Top Asian Condiments You Can Find in International Stores

Condiments are a staple for any Asian country and it surely comes in several varieties you can choose from, which are needed on most Asian recipes. These might be your latest obsessions!

Here’s the list of the most popular condiments in the Asian aisle of an international store.

1. Miso

Miso is a Japanese paste made of soybeans with salt, fungus kōji, and sometimes, barley and water, that adds a salty umami flavor to many Japanese dishes and is used to flavor soups, stews, sauces, spreads, and salad dressings.

2. Wasabi

Wasabi is most commonly known as a spicy green paste that acts as a seasoning for all forms of sushi. However, you can use wasabi to add spices to these wasabi beef fajita-like recipes. True wasabi is made from wasabi wasabi rhizomes (like the stems of underground plants where roots can be expected).

The real grated wasabi is light green and the heat disappears slightly and disappears immediately. Although spicy, it is soft enough to give off the taste of raw fish. The heat of  wasabi served with sushi should emphasize the taste of the fish, not hide it.

3. Bawang Goreng

Bawang Goreng is a dish of onion and salt mixture plus various spices until finely sliced ​​then fried in hot oil until lightly browned and fragrant and then lifted and ready to serve. This dish is generally sown in many Indonesian dishes as a flavoring and flavor enhancer. 

It’s usually dredged over various Indonesian dishes such as nasi goreng, chicken satay, bakso, semur, and sop buntut. Bawang goreng can be bought at most Indonesian stores and sections.

4. Kecap manis

Kecap Manis is a classic and most popular Indonesian condiment, which is also called “Opa Sauce”, sometimes used as a cooking sauce. It is very ambrosial and known as sweetened with palm sugar, which is also darker than normal soy sauce.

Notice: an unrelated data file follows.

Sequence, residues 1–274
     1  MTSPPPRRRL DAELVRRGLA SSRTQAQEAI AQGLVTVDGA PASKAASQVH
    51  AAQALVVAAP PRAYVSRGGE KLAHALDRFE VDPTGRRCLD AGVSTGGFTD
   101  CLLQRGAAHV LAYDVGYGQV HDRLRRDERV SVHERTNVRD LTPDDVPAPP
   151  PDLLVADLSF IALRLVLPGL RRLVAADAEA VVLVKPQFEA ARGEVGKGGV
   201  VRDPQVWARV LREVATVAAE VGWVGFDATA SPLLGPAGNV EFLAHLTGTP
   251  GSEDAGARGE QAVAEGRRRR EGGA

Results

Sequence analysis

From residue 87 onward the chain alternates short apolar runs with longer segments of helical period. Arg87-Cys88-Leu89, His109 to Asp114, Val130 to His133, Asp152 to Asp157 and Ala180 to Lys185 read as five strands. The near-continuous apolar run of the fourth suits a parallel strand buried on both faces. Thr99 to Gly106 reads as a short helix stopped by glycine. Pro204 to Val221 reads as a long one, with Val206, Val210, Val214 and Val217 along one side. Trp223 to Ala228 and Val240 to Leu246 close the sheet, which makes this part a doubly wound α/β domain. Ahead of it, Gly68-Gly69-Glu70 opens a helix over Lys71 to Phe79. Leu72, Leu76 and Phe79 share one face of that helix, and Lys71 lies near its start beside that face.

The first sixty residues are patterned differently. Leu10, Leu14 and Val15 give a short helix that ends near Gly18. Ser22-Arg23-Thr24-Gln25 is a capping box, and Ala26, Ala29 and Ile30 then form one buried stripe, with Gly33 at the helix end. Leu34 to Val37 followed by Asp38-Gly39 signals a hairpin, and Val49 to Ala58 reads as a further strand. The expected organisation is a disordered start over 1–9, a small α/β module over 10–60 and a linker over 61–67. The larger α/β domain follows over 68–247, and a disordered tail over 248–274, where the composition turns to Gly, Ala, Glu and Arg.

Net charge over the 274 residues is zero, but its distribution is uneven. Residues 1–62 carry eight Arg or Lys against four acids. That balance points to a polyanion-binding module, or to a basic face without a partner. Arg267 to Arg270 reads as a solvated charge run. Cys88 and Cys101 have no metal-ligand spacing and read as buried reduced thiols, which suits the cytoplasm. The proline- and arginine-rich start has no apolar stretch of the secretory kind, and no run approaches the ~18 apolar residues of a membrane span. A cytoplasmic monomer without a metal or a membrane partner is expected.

It can also be used as a dip. Due to  Dutch colonialism, Kecap Manis is also popular in the Netherlands.

5. Doenjang

Doenjang is one of the indispensable elements in  Korean food. Traditionally, it is made from fermented meju (a large block of cooked soybeans), covered with salt water and soaked in a traditional jar container.

Doenjang can be eaten with vegetables as a raw paste-like seasoning, as a flavored spice, or even as a dip spice. It can also be found as flavoring in many Korean soups and stews.

6. Gochujang

Gochujang is another essential ingredient in Korean cuisine, a rich, spicy, sweet crimson paste made from red  pepper flakes, glutinous rice, fermented soybeans, and salt.Chili peppers provide a healthy lasting heat, and fermented soybeans act as a miso-like ingredient that fixes the “umami” flavor of gochujang. It is also an ingredient in soups, stews, sauces, and marinades, as well as popular dishes such as kimchi, budae jjigae, bibimbap and tteokbokki.

7. Himalayan Salt

Himalayan salt is a type of  naturally pink (sometimes off-white) salt that is mined near the Himalayan region of Pakistan. Many people claim that it contains minerals and has incredible health benefits. For these reasons, Himalayan pink  salt is considered to be much healthier than regular table salt.

8. Sriracha

Sriracha sauce, pronounced “seer-RHA-shah”, is basically a hot sauce with a twist. It is  a condiment. It’s name is derived from a city on the coast of Thailand called Si Racha, a name its maker chose because of his Asian heritage.

In Thailand, Sriracha is widely used, especially as a dip for seafood and omelets. In Vietnamese cuisine, Sriracha is used as a spice for pho and fried noodles, as a topping for spring rolls (charzo), and as a sauce.

9. Ponzu

Ponzu  is a traditional Japanese citrus sauce that can be used without the addition of soy sauce, but is most commonly served with soybeans. The perfect dip sauce for cold pasta, salads, dumplings, roasted meat and fish, cold  meat and fish, and many other dishes.

10. Soy Sauce

Soy sauce is a very aromatic ingredient made by fermenting soybeans and wheat, which originated in China and has been used as a cooking staple over thousands of years. It can be used on its own or as a base of endless types of sauces, stir-fries, meat dishes, and fish dishes.

All these condiments are easily found in the Asian Aisle of any international stores, such as the famous Fresh Farms. Aside from condiments, you can also see other departments you might need at your home such as meats, dairy products, bakery products, and others

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